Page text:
The Pittsburgh region also boasts contemporary attractions such as McKees Rocks’ Roxian Theatre, which offers live entertainment, musical acts, and comedy, and Stowe’s Parkway Theater and Film Lounge.
By Lisa Mullen
Pittsburgh is a popular destination for filming movies, documentaries and television series. Just this year a new Netflix limited series, “The Chair,” starring Sandra Oh, is set to film in Pittsburgh and the surrounding area. Be on the lookout for familiar landmarks when the show is released in late 2021 or early 2022.
The Pittsburgh region also boasts contemporary attractions such as McKees Rocks’ Roxian Theatre, which offers live entertainment, musical acts, and comedy, and Stowe’s Parkway Theater and Film Lounge which is a “movie theater, brewery, full-service bar/lounge and eatery housed under one roof.”
But Pittsburgh’s culture of theatre and entertainment is nothing new. The region has a long, rich and varied history in entertainment. From world-class theaters to hit movies to famous actors and actresses, the Pittsburgh area has impacted the entertainment industry since the late 1700s.
“Balls, plays, concerts and comedies” were performed at Fort Pitt for the British military in 1765.
Pittsburgh opened its first free-standing playhouse in 1813 with eight to 10 actors performing with touring “stars” of the day. By 1859, William Henderson took over the Old Drury Theatre and began producing plays written by Pittsburgh playwrights.
By the 1900s, Pittsburgh was well-known as a great location for theatre productions because of its numerous playhouses, strategic location, rail service, and its well-established audience of theatre enthusiasts.
Pittsburgh’s famous Byham Theater originally opened as The Gayety Theater in 1904. It attracted Broadway plays and featured famous actresses such as Ethel Barrymore, Gertrude Lawrence and Helen Hayes as well as international ballets and operas. Pittsburgh also lays claim to having the first public movie theater in the country, the Nickelodeon, which opened in 1905.
The Stanley Theater, now the Benedum Theatre, opened in 1928 and has become home to the Pittsburgh Symphony Orchestra, the Pittsburgh Opera and the Pittsburgh Ballet Theater.
The Pittsburgh Playhouse, the Pittsburgh Civic Light Opera and the Pittsburgh Public Theater all opened in the 20th century and are all still in existence today, continuing to offer musicals and plays.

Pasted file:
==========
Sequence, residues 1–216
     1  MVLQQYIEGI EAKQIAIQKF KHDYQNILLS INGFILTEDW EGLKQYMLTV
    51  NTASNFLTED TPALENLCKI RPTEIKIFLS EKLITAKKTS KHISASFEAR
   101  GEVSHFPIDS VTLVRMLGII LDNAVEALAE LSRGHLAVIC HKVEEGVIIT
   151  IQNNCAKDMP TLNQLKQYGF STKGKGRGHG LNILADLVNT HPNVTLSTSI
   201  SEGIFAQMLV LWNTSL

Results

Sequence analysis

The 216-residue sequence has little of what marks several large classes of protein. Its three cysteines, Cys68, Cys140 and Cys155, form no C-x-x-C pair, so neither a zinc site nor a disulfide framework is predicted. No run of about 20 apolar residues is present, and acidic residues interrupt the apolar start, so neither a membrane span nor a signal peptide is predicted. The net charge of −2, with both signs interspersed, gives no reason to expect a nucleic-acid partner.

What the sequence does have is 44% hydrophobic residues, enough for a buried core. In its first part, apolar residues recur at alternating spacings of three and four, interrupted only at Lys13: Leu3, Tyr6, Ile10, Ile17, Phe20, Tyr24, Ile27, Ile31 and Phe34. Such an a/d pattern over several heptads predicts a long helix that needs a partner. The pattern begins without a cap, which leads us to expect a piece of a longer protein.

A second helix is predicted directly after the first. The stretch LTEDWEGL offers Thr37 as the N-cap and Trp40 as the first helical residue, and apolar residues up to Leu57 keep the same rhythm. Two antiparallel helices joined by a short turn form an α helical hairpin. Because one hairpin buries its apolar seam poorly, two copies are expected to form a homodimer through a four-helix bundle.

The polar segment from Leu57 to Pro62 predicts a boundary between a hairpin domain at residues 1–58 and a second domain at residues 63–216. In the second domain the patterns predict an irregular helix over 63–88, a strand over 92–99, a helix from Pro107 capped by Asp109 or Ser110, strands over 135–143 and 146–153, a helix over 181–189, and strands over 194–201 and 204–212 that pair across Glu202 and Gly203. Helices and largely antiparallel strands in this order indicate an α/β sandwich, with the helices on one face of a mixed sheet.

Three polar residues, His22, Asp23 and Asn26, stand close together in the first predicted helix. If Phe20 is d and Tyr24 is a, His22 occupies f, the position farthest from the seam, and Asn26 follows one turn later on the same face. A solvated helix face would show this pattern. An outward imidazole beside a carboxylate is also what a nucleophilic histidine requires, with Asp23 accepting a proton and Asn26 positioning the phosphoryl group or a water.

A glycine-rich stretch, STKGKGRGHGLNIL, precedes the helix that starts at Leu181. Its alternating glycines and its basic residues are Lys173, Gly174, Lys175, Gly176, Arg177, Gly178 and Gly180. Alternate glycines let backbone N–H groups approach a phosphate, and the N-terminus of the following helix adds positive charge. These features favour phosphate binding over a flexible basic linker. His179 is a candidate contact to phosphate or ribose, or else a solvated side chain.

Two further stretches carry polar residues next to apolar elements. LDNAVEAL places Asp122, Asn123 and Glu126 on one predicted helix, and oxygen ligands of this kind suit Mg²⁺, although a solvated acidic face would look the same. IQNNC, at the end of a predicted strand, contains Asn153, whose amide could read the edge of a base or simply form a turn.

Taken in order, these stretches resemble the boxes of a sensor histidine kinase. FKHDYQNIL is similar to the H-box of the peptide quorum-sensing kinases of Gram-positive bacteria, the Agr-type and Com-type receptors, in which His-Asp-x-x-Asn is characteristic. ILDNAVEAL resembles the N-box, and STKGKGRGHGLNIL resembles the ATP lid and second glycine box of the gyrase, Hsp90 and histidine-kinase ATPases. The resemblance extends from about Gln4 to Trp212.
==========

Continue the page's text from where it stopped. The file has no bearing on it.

Locally, a Nickelodeon theater opened in Coraopolis in 1906 and touted five cent admission to see moving pictures. The Star Family Theater and the Lyric Theater also opened in Coraopolis by 1910. Famous New York movie star Frankie Mann performed live at The Star Family Theater in 1917, while the Lyric featured an orchestra pit.
The Pittsburgh area is responsible for the backdrops of many major motion pictures. “Jack Reacher” (2012), “The Dark Knight Rises” (2012) and “Striking Distance” (1993), were filmed in Pittsburgh. Sections of “The Silence of the Lambs” (1991) and “Adventureland” (2009) were filmed in Moon Township, and familiar sites in nearby Beaver County can be seen featured in such films as “Super 8” (2011), “Kingpin” (1996), “Unstoppable” (2010), and “I Am Number Four” (2011).
The greater Pittsburgh area has given rise to notable actors, an infomercial star and a newscaster, including:
• Michael Keaton, an actor whose films include “Beetlejuice” and “Batman.” He was born in Kennedy Township and grew up in the McKees Rocks, Coraopolis and Robinson Township areas.
• Paul Shannon, a radio announcer and actor who created a comedy/variety show for kids called “Adventuretime.” He was born in Crafton.
• William (Billy) Mays Jr., an infomercial salesman who promoted such products as Kaboom, Orange Glo and OxiClean. He grew up in McKees Rocks and Stowe areas.
• Jodi Applegate, a news anchor who worked at NBC News and MSNBC. She was raised in Moon Township.
• Dennis Miller, an actor, political commentator and comedian who was a “Saturday Night Live” cast member from 1985 to 1991. He was born in Pittsburgh.